Ina Ouro Dicko lives and works in the rural municipality of Korombana in the Mopti region of Mali. With a sick husband and two children to feed, she had to find a job to support her family. As part of the Program to Support Food Security and the Resilience of Populations to Social and Climate Crises in the region of Mopti (PASARC), which is funded by the Dutch Embassy in Mali and implemented by the Near East Foundation (NEF), Ina became involved in the Sabaly Cooperative of Korientzé, which works in agriculture and livestock farming in the municipality of Korombana.
PASARC has supported the Sabaly Cooperative, which includes 24 women who work in rice production, by developing an irrigated perimeter of 6 hectares equipped with a motor pump. Before becoming involved in the cooperative, most of the women had no source of income and little opportunity to participate in rice production because men traditionally dominate the field. In 2012, with support from PASARC, the women came together in Korombana to start their own rice production, each cultivating a farming area of 2,500 square meters, with a total output of 24,500 kg in the first season. As a result, many of the women are now financially independent.
When Ina asked to join the cooperative, some of the women were skeptical because of her inexperience in the field, and they questioned her ability to handle the hard work. But now they are all proud of Ina because she was the only woman to produce 1,900 kg of rice last season. Of the 19 bags harvested, she sold five to pay her water bills, gave one bag to charity, and used half a bag for canoe transport costs. She kept the remaining sacks in reserve to feed her family for the rest of the year. At home, she is considered the head of the household. “I’m so grateful for the PASARC project, because now I don’t have to worry about feeding my family this year,” Ina says.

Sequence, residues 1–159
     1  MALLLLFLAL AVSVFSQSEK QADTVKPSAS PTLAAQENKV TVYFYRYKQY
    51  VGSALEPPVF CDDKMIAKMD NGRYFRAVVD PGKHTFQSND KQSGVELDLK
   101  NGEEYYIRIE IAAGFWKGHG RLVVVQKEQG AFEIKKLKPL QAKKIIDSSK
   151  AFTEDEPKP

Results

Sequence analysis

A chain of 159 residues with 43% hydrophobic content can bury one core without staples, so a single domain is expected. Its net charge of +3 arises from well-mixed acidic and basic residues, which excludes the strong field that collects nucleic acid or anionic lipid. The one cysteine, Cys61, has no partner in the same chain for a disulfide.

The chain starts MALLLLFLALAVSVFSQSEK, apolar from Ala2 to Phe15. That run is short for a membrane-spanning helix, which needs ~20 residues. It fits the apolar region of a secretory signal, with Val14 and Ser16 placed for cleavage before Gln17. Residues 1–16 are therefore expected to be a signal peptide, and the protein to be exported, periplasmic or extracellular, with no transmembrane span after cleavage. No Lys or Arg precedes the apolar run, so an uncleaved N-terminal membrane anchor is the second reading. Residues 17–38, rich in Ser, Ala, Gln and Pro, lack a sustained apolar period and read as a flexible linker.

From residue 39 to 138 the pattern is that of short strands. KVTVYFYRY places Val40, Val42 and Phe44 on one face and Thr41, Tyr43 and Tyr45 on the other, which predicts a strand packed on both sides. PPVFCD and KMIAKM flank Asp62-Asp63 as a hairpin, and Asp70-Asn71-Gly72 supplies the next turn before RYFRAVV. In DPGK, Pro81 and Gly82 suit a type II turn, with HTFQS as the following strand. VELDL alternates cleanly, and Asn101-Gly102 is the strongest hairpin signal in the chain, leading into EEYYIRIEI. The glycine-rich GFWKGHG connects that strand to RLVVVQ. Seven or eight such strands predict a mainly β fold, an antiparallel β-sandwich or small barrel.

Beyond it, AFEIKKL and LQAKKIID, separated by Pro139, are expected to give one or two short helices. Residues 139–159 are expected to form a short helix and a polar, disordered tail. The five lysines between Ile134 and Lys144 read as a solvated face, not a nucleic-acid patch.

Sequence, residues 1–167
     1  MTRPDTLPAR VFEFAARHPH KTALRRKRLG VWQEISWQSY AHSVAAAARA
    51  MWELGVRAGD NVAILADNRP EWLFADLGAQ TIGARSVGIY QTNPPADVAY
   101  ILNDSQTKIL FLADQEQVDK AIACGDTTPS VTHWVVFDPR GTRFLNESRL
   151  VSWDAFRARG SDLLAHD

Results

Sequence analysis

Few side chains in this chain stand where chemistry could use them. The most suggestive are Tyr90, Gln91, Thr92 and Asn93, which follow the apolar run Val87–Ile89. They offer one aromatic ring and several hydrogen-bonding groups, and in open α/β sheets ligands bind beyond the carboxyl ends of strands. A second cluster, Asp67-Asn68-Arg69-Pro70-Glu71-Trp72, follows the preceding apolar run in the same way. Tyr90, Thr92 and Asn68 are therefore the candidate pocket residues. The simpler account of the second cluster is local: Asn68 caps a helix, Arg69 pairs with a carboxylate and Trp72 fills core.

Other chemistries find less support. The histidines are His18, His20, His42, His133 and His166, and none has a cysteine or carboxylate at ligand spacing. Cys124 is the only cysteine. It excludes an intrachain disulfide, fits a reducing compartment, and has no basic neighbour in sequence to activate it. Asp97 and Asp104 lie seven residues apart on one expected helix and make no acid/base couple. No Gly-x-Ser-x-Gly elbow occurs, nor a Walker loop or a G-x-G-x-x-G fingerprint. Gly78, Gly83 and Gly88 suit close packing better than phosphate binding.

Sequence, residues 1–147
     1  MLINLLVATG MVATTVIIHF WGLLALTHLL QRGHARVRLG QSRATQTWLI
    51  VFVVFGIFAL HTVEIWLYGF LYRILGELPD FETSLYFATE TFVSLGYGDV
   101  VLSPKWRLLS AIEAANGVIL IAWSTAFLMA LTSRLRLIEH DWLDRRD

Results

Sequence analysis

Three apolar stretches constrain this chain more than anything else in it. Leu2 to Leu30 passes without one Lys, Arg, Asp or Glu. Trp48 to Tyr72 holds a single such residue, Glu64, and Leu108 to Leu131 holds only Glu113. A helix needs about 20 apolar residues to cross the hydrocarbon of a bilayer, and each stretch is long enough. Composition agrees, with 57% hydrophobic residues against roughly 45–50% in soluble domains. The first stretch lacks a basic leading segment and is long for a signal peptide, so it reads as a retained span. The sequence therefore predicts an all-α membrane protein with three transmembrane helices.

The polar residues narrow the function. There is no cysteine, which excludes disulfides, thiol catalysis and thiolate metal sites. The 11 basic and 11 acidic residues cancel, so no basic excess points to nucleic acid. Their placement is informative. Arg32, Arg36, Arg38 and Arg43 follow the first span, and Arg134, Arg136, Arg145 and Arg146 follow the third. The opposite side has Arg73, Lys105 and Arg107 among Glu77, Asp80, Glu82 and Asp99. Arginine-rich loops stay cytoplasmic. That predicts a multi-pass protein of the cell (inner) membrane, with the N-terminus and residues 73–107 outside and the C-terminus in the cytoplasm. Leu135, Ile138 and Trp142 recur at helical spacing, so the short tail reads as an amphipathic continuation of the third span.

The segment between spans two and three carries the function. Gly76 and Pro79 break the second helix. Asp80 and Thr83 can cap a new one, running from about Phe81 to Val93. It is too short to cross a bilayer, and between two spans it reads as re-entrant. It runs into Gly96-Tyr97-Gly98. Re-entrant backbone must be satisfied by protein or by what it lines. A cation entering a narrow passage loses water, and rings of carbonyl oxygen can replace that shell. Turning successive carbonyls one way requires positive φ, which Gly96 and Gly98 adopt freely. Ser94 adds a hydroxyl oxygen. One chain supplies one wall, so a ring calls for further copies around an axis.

The PASARC project has improved the quality and quantity of food for participants’ families, boosted the women’s incomes, built cohesion among the women, increased their authority over rice production, and strengthened their financial independence. The women also reported that men in the community have more respect for them because of what they are able to harvest to support their families. Equally important, the women have become more resilient to any unexpected hardships they may face in the future.